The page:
My relationship with the Kenyan writer, Ngugi wa Thiongo — who is now in exile in the US — spans over three decades and is worth recapitulating to make sense of the reader-writer association. My first acquaintance with his writing; my first letter to him and his hand-written response; my first meeting with him; his connections with the places and people I love; further correspondence with him in email and in person – all have a dramatic element to them.
The first time I heard Ngugi’s name has a particular memorable characteristic. It was amidst several dramatic events. The famous Naxalite leader, Kondapalli Seetaramaiah, escaped from Osmania General Hospital, where he was under treatment as a prisoner, in January 1984. Consequentlt, there was a persecution of, and onslaught on, Naxalite sympathisers, mass organisations, and offices in Hyderabad. The then general secretary of the Radical Students Union (RSU), who was also the editor of its monthly organ, Radical March, was forced to go on exile. Later, I became associated with the journal. At the time, I was a member of RSU as a student of Osmania University, and was just thinking of leaving my MA to join a mainstream daily newspaper. Since the editor of Radical March, Dr M F Gopinath, a student of Osmania Medical College (the same hospital from which Seetaramaiah had escaped), had to go underground to avoid arrest, the RSU leadership asked me to take charge of the journal as working editor; consequently, my name started appearing from the February 1984 issue onwards.
As a result, I was completely cut off from the social circles of other students and trainee journalists, secluded in a den to read, write, and edit the news organ of the Radical Students Union. Within two months of this seclusion, by the summer of 1984, I fell into severe depression, and was almost on the verge of suicide. My friend, Mallojula Koteswar Rao, who would later become famous as Kishenji, was the then secretary of Andhra Pradesh State Committee of the Communist Party of India Marxist Leninist’s (CPI-ML) Peoples War.
He came to know of my condition and sent a friend of his, L S N Murty — editor of Kranti, the fortnightly media organ of the AP State Committee of the Peoples War — to pull me out of depression and cheer me up. And he did just that, quite literally! L S N dragged me out of my “dungeon,” where I’d been holed up so far, and took me to the pleasant green environs of Indira Park in Hyderabad. He gave me a thorough counseling for a couple of hours, recommending some readings he considered helpful, and gave me a copy of Devil on the Cross (1981-82), a novel by Ngugi wa Thiong’o. That was the first time I had ever heard the writer’s name.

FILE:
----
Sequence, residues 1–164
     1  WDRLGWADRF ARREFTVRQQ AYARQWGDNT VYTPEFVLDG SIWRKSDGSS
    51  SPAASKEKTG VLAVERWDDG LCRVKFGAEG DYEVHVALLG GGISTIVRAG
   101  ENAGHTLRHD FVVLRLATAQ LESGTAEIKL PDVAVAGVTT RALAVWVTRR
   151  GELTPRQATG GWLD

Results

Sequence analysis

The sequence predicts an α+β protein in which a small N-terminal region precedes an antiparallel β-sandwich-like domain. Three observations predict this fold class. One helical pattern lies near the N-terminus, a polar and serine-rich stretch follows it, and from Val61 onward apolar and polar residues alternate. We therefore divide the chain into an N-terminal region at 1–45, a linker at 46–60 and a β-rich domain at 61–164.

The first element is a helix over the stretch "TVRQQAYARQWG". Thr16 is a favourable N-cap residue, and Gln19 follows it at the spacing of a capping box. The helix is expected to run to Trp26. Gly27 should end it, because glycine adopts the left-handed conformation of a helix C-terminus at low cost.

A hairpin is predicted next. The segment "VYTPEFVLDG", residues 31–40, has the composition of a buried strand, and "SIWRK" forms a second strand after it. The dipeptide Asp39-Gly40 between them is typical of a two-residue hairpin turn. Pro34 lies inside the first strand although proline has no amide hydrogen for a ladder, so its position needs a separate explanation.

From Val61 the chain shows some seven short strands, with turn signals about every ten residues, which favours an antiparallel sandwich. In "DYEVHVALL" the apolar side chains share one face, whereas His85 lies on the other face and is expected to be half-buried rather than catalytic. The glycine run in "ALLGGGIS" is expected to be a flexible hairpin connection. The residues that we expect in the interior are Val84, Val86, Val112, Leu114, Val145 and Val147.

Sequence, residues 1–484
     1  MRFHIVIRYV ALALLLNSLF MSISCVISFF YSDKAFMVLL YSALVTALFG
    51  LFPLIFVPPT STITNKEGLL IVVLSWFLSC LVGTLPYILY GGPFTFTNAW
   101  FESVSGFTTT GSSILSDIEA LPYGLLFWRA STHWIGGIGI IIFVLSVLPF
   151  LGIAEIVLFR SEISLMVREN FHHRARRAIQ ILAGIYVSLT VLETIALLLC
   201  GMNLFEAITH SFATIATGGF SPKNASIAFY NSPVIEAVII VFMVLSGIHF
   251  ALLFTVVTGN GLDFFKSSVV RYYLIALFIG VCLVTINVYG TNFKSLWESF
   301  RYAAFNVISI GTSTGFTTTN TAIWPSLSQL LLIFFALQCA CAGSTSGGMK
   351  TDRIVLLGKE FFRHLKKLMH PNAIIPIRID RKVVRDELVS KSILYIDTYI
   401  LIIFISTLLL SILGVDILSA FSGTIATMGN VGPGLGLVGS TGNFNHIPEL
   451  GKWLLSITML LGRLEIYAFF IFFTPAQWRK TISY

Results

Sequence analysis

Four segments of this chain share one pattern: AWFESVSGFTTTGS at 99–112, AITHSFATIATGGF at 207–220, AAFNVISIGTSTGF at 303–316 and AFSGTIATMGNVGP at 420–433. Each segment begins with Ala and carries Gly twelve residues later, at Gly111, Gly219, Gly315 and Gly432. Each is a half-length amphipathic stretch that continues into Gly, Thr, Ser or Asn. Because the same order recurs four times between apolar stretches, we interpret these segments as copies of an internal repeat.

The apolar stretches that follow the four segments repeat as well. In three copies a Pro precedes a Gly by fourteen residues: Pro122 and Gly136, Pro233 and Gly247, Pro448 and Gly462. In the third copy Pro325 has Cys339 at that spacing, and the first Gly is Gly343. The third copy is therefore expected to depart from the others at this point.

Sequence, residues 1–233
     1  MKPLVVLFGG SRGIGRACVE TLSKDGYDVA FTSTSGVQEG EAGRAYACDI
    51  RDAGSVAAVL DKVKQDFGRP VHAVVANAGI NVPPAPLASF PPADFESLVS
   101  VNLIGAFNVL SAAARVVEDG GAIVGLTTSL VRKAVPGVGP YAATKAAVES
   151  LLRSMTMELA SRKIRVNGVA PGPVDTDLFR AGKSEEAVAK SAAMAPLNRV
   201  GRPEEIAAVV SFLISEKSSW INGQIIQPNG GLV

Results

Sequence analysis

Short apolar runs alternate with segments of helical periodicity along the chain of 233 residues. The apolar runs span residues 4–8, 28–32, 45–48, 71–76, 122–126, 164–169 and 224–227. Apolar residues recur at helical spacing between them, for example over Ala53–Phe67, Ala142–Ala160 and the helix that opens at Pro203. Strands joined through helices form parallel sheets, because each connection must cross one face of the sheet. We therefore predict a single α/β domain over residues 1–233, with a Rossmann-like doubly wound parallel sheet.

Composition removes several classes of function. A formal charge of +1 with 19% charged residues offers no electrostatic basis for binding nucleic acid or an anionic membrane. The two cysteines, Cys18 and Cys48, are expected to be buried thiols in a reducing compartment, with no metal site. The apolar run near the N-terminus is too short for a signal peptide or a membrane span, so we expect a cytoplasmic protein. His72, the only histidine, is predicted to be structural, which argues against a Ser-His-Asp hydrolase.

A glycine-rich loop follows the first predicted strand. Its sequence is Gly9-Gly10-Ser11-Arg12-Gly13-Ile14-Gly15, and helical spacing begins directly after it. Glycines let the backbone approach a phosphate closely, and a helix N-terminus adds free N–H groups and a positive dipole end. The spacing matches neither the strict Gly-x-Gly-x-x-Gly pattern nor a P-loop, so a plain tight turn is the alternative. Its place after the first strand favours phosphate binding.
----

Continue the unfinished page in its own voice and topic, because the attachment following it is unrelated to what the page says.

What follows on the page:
The novel completely transformed me, infused enormous optimism into me, and reaffirmed my commitment to the people's movements and life. The book indeed mesmerised me so much that I immediately wrote a 20 page letter to a friend, sharing my excitement about the book.
I shared my copy, already tattered, with all those to whom I had recommended the book. One of them was Varavara Rao, my maternal uncle. Due to other pressing preoccupations, he could not read it immediately. It was a year later, when he was in jail, that he finally read it.
Around the same time, K G Kannabiran, the famous civil liberties lawyer, also sent his copy of Ngugi’s Detained – A Writer’s Prison Diary (1981) to Varavara Rao. In prison, Varavara Rao not only found time to read and fall in love with Ngugi, but also set about translating both the books into Telugu. In every mulaaqat, he would update me about the progress of the translation, often asking me the meanings of the Gikuyu and Swahili words that used to be sprinkled in the original books. I got in touch with some Kenyan students in Hyderabad to to help him with the translations.
In the midst of reading, discussing, and thinking about Ngugi, I wrote a letter to him in March 1987, without knowing where he lived and what he did. I sent the letter to him, addressing to his publisher’s office in London, since all the books I had read till then were published by Heinemann’s as part of their African Writers Series. About a year later, in January 1988, I got a handwritten response from Ngugi.